Construction Begins for Transbay Transit CenterAugust 18th, 2010 | Category: Industry News
Construction has begun on the Transbay Transit Center, San Francisco’s new multi-modal transportation hub designed by Pelli Clarke Pelli Architects. Scheduled to open in 2017, the glass-and-steel structure will connect the city and the Bay Area via 11 public transit systems. Conceived as “the Grand Central of the West,” the building is designed in the spirit of the great train stations of the world. The sustainable and accessible building is distinguished by dramatic light-filled spaces and a 5.4-acre rooftop park.
“We are very proud of our design for the Transbay Transit Center,” said Cesar Pelli, senior principal of Pelli Clarke Pelli Architects, whose design was selected in an international competition in 2007. “This will be a beautiful, functional and sustainable building for San Francisco.”
The project, which is being built on the site of the Transbay Terminal at First and Mission streets, will also spur development in the surrounding city blocks and anchor a new neighborhood.
“We are very excited about the civic mission of the Transbay project,” said Fred Clarke, senior principal of Pelli Clarke Pelli Architects. “We want this to be a great transit center—one by which the city is perceived—but it must also be a great neighbor.”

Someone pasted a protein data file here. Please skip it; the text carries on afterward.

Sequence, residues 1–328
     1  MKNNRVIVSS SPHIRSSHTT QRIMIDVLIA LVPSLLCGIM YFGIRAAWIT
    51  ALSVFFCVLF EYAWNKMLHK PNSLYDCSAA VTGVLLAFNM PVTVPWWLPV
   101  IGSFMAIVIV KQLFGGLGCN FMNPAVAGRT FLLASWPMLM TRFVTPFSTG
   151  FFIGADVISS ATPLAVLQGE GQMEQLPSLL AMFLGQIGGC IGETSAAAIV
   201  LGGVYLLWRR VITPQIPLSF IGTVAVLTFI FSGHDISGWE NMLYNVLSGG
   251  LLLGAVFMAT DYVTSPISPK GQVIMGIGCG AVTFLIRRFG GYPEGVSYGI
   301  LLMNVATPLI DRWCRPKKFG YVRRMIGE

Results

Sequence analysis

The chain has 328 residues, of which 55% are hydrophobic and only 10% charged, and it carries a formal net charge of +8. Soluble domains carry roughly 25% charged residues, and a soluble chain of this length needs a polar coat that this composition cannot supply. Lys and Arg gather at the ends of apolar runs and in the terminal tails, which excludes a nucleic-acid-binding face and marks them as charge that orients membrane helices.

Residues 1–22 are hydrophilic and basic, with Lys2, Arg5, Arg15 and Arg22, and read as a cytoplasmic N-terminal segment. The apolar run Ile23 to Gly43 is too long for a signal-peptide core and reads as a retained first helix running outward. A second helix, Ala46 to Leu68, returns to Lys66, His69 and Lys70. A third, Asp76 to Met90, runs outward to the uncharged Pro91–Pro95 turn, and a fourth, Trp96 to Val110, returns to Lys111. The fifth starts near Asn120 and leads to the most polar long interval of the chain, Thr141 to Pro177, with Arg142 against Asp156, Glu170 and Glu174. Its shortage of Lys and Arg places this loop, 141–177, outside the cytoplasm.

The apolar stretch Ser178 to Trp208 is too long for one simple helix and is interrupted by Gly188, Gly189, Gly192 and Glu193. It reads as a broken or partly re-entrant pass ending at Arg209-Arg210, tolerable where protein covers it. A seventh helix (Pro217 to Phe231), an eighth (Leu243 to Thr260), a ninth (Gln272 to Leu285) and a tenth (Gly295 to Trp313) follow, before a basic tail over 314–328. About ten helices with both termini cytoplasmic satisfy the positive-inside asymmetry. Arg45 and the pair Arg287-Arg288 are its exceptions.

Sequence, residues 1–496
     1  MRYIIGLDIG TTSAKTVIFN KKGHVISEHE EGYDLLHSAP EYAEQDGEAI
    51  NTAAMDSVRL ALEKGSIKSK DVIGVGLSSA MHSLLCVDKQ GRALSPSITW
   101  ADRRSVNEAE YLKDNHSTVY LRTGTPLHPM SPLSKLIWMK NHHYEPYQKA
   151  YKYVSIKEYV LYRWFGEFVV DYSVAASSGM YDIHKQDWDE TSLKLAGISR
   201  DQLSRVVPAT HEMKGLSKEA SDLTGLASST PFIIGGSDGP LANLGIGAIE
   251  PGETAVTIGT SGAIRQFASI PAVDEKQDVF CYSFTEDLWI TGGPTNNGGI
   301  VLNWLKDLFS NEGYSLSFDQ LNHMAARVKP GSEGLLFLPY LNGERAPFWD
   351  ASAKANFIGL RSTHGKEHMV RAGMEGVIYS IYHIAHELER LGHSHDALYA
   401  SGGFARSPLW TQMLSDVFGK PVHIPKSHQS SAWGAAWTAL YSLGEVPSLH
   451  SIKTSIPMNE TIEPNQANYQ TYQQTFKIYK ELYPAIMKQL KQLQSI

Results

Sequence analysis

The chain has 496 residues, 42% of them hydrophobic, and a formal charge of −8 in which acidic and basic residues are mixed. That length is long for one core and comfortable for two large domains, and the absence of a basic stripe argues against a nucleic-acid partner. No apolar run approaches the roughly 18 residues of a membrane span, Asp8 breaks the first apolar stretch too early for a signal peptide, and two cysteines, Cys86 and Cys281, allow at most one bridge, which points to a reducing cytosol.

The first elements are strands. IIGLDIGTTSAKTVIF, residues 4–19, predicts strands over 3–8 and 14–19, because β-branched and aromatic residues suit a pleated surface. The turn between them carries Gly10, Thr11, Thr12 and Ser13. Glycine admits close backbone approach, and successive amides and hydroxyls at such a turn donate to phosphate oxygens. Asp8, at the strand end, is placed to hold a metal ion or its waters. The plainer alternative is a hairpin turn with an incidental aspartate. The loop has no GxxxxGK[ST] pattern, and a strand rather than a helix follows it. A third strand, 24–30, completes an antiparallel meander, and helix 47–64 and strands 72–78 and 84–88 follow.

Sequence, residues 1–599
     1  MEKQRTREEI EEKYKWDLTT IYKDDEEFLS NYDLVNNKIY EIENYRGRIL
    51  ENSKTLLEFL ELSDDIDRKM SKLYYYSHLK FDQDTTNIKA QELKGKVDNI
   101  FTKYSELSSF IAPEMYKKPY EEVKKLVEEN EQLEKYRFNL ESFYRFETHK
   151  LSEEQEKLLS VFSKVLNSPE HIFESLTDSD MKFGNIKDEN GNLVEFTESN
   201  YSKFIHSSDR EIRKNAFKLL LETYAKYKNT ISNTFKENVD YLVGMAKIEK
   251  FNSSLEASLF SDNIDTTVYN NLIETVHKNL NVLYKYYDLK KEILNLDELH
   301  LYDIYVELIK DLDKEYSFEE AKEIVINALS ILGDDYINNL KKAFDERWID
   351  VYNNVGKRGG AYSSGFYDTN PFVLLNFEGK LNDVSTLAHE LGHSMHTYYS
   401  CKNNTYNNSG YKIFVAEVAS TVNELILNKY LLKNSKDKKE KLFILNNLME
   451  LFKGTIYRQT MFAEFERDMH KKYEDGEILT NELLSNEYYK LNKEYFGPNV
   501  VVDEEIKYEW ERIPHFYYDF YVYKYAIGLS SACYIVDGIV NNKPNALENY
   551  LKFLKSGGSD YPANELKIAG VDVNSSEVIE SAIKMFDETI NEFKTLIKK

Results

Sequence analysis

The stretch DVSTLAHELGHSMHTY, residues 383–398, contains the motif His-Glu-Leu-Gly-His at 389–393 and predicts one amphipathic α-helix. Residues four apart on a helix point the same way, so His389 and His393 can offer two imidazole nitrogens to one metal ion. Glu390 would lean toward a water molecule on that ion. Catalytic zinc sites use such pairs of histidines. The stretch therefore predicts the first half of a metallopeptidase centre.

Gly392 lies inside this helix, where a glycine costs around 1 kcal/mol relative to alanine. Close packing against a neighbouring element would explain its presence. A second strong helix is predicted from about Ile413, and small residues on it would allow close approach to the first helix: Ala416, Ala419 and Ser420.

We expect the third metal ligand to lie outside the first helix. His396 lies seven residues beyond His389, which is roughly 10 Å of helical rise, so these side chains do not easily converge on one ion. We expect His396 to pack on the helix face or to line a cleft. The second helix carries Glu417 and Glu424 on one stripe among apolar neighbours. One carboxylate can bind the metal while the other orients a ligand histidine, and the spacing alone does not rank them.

The Transbay Transit Center features an exterior glass wall with undulating forms like petals of a flower that architects say create a civilized presence on the street. These undulations also respond to the building’s robust concrete-and-steel structural system, which is engineered for performance in the event of severe earthquakes.
A public plaza on Mission Street marks the primary entrance to the Transit Center. The main public space, the Grand Hall, will be suffused with natural light. The central element, a 120-foot-tall “light column,” is a structural component that reaches from the park to the Lower Concourse. Topped with a 4,000-square-foot domed skylight, the light column not only supports the building, but draws daylight deep into the interior and frames views of the park above.
Architects say that as one of the country’s greenest buildings, the Transbay Transit Center will use multiple sustainable design strategies, including natural light. The building is targeted to achieve a Gold LEED rating.